Tai Chi Practice 12/. Every forward step and every backward step: Must have folding. This is another way of saying that each movement must have the wave. In attack we must have both centrifugal and centripetal force, this is the nature of yin and yang. So when we attack, we must have in mind retreat to revolve the Qi back onto the attacker and also to gather the Qi back for re-attack.
Tai Chi Practice 13/. Strike from the spine: The arms hang from the spine. When the spine is turned, so too do the arms only if they are 'connected internally'. The power must not come from the arms alone, but from the turning of the spine and the gathering of the Qi into the spine by com pressing the vertebra firstly, then expanding them to release the Qi as we attack.
Tai Chi Practice 14/. Stepping is both yin and yang: You must be aware of when you step forward, your foot is firstly yin shaped, then it is yang shaped. This is the way a cat walks, ever vigilant internally and sub-consciously so that if there is danger it moves without thinking.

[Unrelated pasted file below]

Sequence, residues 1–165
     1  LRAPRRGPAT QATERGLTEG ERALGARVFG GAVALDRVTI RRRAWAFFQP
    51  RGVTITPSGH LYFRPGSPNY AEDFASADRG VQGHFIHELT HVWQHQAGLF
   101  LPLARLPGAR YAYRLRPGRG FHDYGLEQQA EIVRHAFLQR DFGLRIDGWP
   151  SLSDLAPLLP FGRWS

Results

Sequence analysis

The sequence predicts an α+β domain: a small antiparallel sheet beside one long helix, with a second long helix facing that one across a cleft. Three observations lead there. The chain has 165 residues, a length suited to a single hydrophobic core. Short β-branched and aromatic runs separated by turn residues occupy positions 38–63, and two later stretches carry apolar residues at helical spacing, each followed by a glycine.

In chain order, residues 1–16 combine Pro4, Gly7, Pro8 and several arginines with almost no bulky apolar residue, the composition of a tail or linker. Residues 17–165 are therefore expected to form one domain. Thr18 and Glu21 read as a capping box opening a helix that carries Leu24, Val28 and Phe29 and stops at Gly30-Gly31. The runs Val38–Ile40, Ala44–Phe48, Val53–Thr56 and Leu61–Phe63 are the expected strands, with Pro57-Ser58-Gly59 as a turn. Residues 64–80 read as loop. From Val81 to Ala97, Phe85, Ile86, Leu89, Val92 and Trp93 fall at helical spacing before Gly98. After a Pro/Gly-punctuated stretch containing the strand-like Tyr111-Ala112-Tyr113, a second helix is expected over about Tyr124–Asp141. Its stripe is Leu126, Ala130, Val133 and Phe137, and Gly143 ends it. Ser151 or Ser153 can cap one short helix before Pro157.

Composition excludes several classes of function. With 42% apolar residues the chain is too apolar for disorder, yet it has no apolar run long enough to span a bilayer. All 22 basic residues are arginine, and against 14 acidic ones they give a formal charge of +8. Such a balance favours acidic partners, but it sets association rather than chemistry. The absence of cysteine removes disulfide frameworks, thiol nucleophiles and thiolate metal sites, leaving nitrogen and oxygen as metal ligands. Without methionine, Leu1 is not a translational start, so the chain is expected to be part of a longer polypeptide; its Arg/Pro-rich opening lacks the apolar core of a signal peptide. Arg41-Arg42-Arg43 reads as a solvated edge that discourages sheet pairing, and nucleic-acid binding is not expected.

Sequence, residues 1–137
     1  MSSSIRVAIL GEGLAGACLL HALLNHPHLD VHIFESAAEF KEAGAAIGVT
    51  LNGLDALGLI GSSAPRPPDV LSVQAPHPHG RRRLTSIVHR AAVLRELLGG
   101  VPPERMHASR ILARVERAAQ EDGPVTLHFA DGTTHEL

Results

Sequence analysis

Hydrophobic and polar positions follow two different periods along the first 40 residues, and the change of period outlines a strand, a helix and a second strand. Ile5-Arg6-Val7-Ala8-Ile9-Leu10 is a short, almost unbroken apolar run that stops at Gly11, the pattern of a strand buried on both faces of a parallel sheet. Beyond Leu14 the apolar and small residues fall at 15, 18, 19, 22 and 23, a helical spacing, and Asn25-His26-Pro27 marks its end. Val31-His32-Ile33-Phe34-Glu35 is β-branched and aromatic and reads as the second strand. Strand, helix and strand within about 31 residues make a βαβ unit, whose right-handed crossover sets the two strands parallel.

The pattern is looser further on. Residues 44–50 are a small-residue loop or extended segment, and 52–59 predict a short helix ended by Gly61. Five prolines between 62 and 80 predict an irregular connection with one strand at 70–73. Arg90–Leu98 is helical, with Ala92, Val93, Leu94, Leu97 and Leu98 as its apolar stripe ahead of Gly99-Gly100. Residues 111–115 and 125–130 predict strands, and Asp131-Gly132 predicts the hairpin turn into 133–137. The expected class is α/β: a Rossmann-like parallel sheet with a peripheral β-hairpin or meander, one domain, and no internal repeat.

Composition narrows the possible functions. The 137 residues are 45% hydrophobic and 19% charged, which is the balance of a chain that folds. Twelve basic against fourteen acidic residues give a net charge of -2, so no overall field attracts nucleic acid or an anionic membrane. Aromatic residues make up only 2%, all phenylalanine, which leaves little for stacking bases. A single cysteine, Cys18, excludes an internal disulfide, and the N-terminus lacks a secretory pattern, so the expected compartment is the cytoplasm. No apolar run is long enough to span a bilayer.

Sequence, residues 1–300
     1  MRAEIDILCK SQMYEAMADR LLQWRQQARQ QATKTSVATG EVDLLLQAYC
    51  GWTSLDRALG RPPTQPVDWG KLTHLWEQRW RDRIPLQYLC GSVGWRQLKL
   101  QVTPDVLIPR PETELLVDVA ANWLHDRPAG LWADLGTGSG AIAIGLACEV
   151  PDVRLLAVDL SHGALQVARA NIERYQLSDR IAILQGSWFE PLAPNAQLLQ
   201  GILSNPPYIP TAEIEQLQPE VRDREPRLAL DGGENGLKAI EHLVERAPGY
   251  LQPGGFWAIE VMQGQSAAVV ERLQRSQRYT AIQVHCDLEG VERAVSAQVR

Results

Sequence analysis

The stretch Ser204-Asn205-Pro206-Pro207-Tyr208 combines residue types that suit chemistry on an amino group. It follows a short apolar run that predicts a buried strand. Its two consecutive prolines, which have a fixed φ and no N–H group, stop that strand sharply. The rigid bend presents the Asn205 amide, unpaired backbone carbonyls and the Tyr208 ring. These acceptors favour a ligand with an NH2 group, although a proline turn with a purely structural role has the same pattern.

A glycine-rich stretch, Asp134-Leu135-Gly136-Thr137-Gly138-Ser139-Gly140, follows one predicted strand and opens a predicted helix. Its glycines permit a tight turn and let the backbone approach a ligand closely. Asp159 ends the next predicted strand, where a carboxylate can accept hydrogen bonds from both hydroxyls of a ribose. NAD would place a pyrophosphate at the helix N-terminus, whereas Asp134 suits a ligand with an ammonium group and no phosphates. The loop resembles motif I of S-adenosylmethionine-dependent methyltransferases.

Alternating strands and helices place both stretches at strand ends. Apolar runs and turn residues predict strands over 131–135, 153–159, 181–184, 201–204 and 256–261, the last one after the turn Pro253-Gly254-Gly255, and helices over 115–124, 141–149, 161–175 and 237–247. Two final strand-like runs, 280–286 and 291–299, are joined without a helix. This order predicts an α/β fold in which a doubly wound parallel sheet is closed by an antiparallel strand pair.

If you are able to get only one of the above correct, then you are said to be knocking on the door of Taijiquan.
When you can get two of the above correct, you are said to be looking through the keyhole of the door.
When you get three correct, you are able to open the door just slightly to see a thin ray of light on the other side.
When you get four correct, you can push the door a little more to look through at some objects on the other side.
When you have five correct, you can push your leg through the door.
When you get six correct you can open the door a little further and push your head through to see what is on the other side.
When you have seven correct, you can push your shoulders through the door.
When you have eight correct you can push your chest through the door.
When you have nine correct you can walk through the door but the light has not been turned on.
When you have ten correct, you can just make out some objects as your eyes accustom to the light.
When you have eleven correct, you can walk across the room carefully seeing with your hands as you walk.
When you have twelve correct you can light a candle.
When you have thirteen correct the light begins to grow brighter and you are able to see some definite objects.
And when you have fourteen correct, you can knock on the second door!